With close to one in three people around the world now using some form of social media, social networking is changing the way we live, work and play.
Smart businesses are recognising that Twitter, Instagram, LinkedIn, Pinterest, Tumblr, Snapchat, Facebook and Facebook Messenger are not just old forms of communication repackaged, but a brand new source of information and inspiration.
Some of the most interesting examples of how social media is enhancing the built environment are those that provide a new lens through which to look at old problems and craft new solutions.
Got vacancies? #popup
Since the early 2000s, pop-up stores or ‘flash retail’ outlets have become a regular occurrence in cities like New York, London, Sydney and Melbourne. Designer labels and start-ups alike are using this fast-paced form of retail to build their brands, minus the commitment to onerous, long-term leasing agreements.
While pop-ups certainly have the ‘stumble-across’ surprise and delight factor in their favour, their success is largely driven by cheap, word-of-mouth customer referral campaigns on social media. Word spreads quickly on the web and, unlike traditional advertising, the message is far more likely to get through.
In fact, recent consumer behaviour studies by Google, Ogilvy, TNS and BrightLocal indicate that 74 per cent of consumers cite word-of-mouth as a key influencer in their purchasing decisions, and 88 per cent of people trust online reviews written by other shoppers as much as they do recommendations from friends or acquaintances. Throw in the FOMO (fear of missing out) generated by the temporary nature of a pop-up, and it’s easy to see why they have become a winning formula for retailers.
The benefits are obvious for store owners, but pop-up stores represent a unique opportunity for building owners and leasing agents too. They’re a great solution for owners looking to fill vacant tenancies while longer-term renters are found, and by demonstrating that a given space can attract customers, they form a valuable selling point in leasing discussions.
Pop-ups are also a novel tool in the battle to ‘activate’ CBD areas that are largely dominated by commercial office end-uses. Enlivening these precincts with shops and restaurants (even if they are only there for a few weeks) contributes to an enhanced sense of safety and liveability in the area, which in turn boosts the leasability of surrounding buildings.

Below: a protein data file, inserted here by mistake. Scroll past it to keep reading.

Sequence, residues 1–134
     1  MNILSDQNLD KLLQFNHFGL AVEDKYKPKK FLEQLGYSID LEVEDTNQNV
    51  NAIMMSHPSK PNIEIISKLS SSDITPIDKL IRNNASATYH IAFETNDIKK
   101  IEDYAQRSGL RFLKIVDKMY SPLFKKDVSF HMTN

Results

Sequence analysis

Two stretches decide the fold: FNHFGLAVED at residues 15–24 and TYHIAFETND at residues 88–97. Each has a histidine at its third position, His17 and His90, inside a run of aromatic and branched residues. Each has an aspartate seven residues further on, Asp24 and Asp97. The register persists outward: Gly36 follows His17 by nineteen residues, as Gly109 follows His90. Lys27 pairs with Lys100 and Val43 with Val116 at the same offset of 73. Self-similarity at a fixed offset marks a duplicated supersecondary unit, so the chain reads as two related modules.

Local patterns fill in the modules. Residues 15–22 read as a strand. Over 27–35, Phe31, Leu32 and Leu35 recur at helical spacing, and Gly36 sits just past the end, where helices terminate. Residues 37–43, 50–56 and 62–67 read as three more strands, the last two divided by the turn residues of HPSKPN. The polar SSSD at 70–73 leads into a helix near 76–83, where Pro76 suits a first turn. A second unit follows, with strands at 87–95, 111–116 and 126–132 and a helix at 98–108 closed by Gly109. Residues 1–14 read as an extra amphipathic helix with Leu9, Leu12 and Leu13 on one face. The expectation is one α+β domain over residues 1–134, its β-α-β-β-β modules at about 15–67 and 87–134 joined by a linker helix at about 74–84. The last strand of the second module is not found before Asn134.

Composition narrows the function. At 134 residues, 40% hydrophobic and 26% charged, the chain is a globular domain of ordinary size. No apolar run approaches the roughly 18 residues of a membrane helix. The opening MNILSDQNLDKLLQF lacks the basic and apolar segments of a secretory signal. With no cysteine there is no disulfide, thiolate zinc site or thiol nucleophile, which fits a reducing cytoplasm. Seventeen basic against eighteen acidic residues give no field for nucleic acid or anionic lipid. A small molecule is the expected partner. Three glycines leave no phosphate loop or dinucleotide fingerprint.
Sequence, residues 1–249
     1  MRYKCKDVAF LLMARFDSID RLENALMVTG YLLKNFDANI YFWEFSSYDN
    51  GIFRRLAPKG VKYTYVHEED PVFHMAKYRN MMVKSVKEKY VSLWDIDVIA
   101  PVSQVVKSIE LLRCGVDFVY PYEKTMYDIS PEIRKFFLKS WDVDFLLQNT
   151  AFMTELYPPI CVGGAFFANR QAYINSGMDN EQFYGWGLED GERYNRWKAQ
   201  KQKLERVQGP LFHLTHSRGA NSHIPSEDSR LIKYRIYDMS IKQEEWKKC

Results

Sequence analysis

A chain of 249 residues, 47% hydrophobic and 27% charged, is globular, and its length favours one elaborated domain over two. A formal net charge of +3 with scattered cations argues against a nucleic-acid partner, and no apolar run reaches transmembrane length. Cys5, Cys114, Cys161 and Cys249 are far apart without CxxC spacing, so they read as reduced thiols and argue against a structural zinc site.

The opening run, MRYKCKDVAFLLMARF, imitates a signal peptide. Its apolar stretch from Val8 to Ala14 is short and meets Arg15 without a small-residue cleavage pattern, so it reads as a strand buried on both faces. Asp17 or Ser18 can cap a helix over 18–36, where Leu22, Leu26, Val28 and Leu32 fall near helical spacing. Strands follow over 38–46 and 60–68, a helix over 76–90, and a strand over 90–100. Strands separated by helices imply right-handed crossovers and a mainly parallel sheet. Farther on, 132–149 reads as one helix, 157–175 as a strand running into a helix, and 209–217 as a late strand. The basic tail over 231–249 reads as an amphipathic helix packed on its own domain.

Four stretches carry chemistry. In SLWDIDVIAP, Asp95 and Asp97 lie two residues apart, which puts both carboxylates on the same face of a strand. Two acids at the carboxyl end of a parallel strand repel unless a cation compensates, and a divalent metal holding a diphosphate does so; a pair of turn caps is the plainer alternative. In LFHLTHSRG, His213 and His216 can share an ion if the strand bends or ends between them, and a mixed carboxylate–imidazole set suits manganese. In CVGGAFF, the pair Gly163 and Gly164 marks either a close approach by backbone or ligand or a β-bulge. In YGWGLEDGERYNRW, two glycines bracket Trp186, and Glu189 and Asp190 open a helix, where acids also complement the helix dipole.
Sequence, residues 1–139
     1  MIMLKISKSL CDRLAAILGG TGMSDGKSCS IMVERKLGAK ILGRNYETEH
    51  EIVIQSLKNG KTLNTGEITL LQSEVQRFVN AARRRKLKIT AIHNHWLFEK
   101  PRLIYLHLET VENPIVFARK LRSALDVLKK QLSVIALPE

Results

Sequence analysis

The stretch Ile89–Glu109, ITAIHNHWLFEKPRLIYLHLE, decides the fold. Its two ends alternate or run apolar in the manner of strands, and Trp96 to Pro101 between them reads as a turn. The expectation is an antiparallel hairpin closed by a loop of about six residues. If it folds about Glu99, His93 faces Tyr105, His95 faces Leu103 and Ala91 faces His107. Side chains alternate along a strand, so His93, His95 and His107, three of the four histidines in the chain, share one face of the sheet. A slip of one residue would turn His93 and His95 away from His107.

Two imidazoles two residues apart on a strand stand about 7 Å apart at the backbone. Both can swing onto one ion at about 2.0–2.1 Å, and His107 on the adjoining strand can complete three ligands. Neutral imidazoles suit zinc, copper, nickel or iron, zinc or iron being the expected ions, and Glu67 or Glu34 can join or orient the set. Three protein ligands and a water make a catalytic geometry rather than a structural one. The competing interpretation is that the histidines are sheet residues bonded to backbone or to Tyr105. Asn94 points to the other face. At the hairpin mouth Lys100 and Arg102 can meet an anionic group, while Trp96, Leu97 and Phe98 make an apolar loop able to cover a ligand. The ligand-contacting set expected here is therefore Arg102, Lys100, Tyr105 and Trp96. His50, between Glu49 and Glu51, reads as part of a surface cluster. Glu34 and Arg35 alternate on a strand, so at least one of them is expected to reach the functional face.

And of course, the most sustainable shop is one that is already there.
Places for people, by people
Smart firms are also using insights from the social network to inform building design.
When tasked with creating a concept design for a new shopping centre, UK engineering giant BuroHappold conducted a social media review of 10 large malls across Europe. The team analysed more than 50,000 tweets, 150,000 followers, and 4,000 mentions collected over the course of a week to identify what shoppers did and didn’t like about competitors’ centres. This data allowed BuroHappold to identify key consumer drivers and trends, from place-making and identity, to user experiences, brand, design and operation technologies.
Tools for analysing the ‘big data’ generated by social media are getting better every day, and in the future we can expect social media to be a primary source of information for viability studies and design option reviews. The social network will help inform when and where buildings are built, what they will be used for, and how they can be adapted to serve new purposes at the end of their life cycle.
This will lead not only to more commercially successful developments, but more inherently sustainable ones. By responding to the needs and preferences of users, buildings are simply more likely to be used. And with the need to do more with less growing every day, less under-utilised space is always a good thing.
Building better communities one click at a time
Some argue that social media has an atomising effect, but it’s also bringing us closer together than ever before.
Every day, new groups are being formed on LinkedIn that allow professionals to share and debate everything to do with the built environment – from ideas about technical solutions to policy options and planning follies. The salons of the 17th and 18th centuries may be long dead, but the digital salon is alive and well, and social media is its new host.
The social network is also allowing for a democratisation of debate around our built environment. While social media campaigning is sometimes cynically labelled as ‘clicktivism,’ Facebook and Twitter lend ordinary people a strong voice and an immediate channel through which to influence the way cities and communities are built.
As built environment professionals, we build communities. We do it with physics and science, and with precision and accuracy. What’s exciting about social media is that it gives us new opportunities to connect these physical spaces with the cultures that evolve and thrive within them, and to make our buildings and cities a working reflection of the people who are their heart and soul.